I hardly ever go across the river to the south side. I cannot stand the man-boys ruckling along on their skateboards. Yet go we did, over the footbridge just outside Embankment tube station, on a dull Friday morning. The skaters were not getting any younger and the hipsters still show no sign of giving up their promenade.

We were off to see the Bonnard exhibition at Tate Modern but first we stopped for lunch at Skylon, on the first floor of the Royal Festival Hall. The restaurant and bar is 1950’s chic, the kind of place that Don Draper would take a lady for a cocktail if he was in town for a couple of nights. I was reminded of Bernard Levin who said of its cool slick design ‘It felt as if I had been instantly transported far into the future and that I was on another planet.’

We ordered cocktails. I had an ‘UP and Away’ a fittingly optimistic champagne concoction with Mandarin Napoleon and candied ginger.  My guest had the ‘Cotton Cloud’ another champagne fizz but with wild berry cordial and rose perfume. We don’t usually do cocktails before lunch but we were high up above the riverside path and watching hurried office workers nabbing boxes of noodles, we sipped the bubbles and felt good about ourselves.

I have a pretty good idea that in the 1950s restaurant staff would have been diffident. Many diners back then would have been unsure of how and what to order, and wrong-footed at every stage of the menu. I like living in the bold future and I like contemporary London’s restaurant culture. The staff at Skylon are friendly, helpful and enthusiastic. We had an actual real conversation with our waitress who led us through the menu.

To begin I chose hand dived scallops with cauliflower, capers and Champagne veloute. My guest had Chichester wood pigeon with beetroot and chestnuts. These were poised plates. Both had depth and lightness. We did the new thing of sharing each other’s starters. The pigeon and beetroot were deeply iron. The scallops and cauliflower had a suitably fresh tang and the cauliflower puree was a comfort.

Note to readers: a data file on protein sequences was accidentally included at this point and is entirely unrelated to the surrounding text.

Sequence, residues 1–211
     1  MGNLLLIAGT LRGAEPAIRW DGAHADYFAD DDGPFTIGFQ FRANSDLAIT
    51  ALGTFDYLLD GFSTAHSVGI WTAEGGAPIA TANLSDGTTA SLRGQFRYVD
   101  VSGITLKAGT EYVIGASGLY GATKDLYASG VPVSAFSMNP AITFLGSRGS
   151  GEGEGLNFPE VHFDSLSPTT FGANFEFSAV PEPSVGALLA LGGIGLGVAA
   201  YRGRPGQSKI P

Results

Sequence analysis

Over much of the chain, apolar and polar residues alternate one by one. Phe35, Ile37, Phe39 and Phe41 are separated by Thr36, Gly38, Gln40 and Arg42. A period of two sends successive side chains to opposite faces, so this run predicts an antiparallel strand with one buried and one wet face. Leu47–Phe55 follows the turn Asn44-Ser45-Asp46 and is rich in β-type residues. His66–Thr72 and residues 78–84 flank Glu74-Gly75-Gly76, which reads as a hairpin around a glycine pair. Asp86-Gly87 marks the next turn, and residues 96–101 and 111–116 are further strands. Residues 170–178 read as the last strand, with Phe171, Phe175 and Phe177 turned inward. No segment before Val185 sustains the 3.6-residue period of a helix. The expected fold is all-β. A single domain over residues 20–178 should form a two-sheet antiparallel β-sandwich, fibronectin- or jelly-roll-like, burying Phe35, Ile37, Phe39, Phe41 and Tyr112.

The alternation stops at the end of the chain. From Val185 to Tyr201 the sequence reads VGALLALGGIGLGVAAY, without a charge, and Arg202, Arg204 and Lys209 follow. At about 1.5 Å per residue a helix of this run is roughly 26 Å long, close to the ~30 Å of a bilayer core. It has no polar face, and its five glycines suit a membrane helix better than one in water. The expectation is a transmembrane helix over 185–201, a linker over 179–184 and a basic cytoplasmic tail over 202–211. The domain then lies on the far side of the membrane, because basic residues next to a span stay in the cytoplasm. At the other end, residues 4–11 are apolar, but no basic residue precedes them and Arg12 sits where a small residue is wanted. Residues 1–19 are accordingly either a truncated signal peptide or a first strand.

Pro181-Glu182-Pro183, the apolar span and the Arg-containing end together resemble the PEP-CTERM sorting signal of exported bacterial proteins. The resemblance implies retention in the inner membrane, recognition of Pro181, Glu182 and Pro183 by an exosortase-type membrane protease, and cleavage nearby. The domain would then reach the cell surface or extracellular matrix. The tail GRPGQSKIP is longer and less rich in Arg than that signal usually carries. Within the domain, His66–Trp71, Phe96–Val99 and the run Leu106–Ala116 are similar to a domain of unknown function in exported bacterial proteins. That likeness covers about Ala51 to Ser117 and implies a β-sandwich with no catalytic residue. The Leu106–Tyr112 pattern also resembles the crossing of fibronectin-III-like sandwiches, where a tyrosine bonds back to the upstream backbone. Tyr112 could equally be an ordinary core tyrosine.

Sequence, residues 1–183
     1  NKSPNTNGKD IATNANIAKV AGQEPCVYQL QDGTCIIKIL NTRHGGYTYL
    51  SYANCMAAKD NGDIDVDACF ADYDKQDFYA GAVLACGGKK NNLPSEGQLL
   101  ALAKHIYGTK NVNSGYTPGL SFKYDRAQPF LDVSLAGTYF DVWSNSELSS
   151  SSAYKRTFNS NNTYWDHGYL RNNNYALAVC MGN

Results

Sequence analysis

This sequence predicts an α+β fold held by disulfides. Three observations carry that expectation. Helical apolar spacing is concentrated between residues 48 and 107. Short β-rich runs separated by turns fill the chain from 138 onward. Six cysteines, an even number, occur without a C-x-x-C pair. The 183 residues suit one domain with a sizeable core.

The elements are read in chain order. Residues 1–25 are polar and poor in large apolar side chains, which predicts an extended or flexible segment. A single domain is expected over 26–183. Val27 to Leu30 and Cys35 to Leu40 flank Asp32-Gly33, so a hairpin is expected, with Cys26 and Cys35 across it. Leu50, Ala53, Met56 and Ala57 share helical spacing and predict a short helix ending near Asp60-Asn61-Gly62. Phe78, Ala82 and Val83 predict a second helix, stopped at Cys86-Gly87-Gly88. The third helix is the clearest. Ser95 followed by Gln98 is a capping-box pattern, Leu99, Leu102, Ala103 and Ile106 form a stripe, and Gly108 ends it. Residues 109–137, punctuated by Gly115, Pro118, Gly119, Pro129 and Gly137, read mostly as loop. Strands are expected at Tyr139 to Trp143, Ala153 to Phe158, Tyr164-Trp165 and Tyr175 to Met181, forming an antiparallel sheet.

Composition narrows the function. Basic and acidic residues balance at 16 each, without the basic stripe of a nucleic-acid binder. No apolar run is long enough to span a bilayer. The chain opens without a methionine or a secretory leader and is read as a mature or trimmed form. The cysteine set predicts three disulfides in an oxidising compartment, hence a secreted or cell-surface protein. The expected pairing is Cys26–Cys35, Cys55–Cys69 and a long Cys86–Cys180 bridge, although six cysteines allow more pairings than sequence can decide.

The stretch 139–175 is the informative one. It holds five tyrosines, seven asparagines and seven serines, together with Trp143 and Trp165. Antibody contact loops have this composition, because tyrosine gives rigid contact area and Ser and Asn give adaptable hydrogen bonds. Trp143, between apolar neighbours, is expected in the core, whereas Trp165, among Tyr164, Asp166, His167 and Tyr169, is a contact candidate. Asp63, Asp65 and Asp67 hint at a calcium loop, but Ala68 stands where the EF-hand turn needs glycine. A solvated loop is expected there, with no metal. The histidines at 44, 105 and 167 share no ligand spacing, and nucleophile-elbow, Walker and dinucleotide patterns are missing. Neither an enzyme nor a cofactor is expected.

Our waitress sent us a sommelier to assist with the long wine list. We gave him the challenge of selecting a bottle that would match both our main courses. Without hesitation he suggested a bottle of Saumur Champigny. It was a light, fresh red, wholly appropriate for a lunchtime quaff. Half a glass into the wine and I entered the state of equilibrium that swept over Charles Ryder when he dined with Rex Mottram in Brideshead Revisited.   

I had a crisp skinned duck leg with cabbage and my guest had confit sea trout with baby potatoes and wild garlic foam. Side orders of sautéed kale and rosemary salt chips were excellent accompaniments. The style at Skylon is modern and refined. Yet it has the deeply savoury quality that Simon Hopkinson says typifies the best of British food.

The burned lemon merengue tart I chose for desert was an airy conjuration of sharp citrus, the shortest pastry and caramelised egg whites. My guest chose the frankly titled ‘aromatic pear.’ It was so good she refused to share any of it.

Well set up for Bonnard we wafted along to the Tate. I would definitely go over the river again to Skylon.  

Words by Steven O’Brien.

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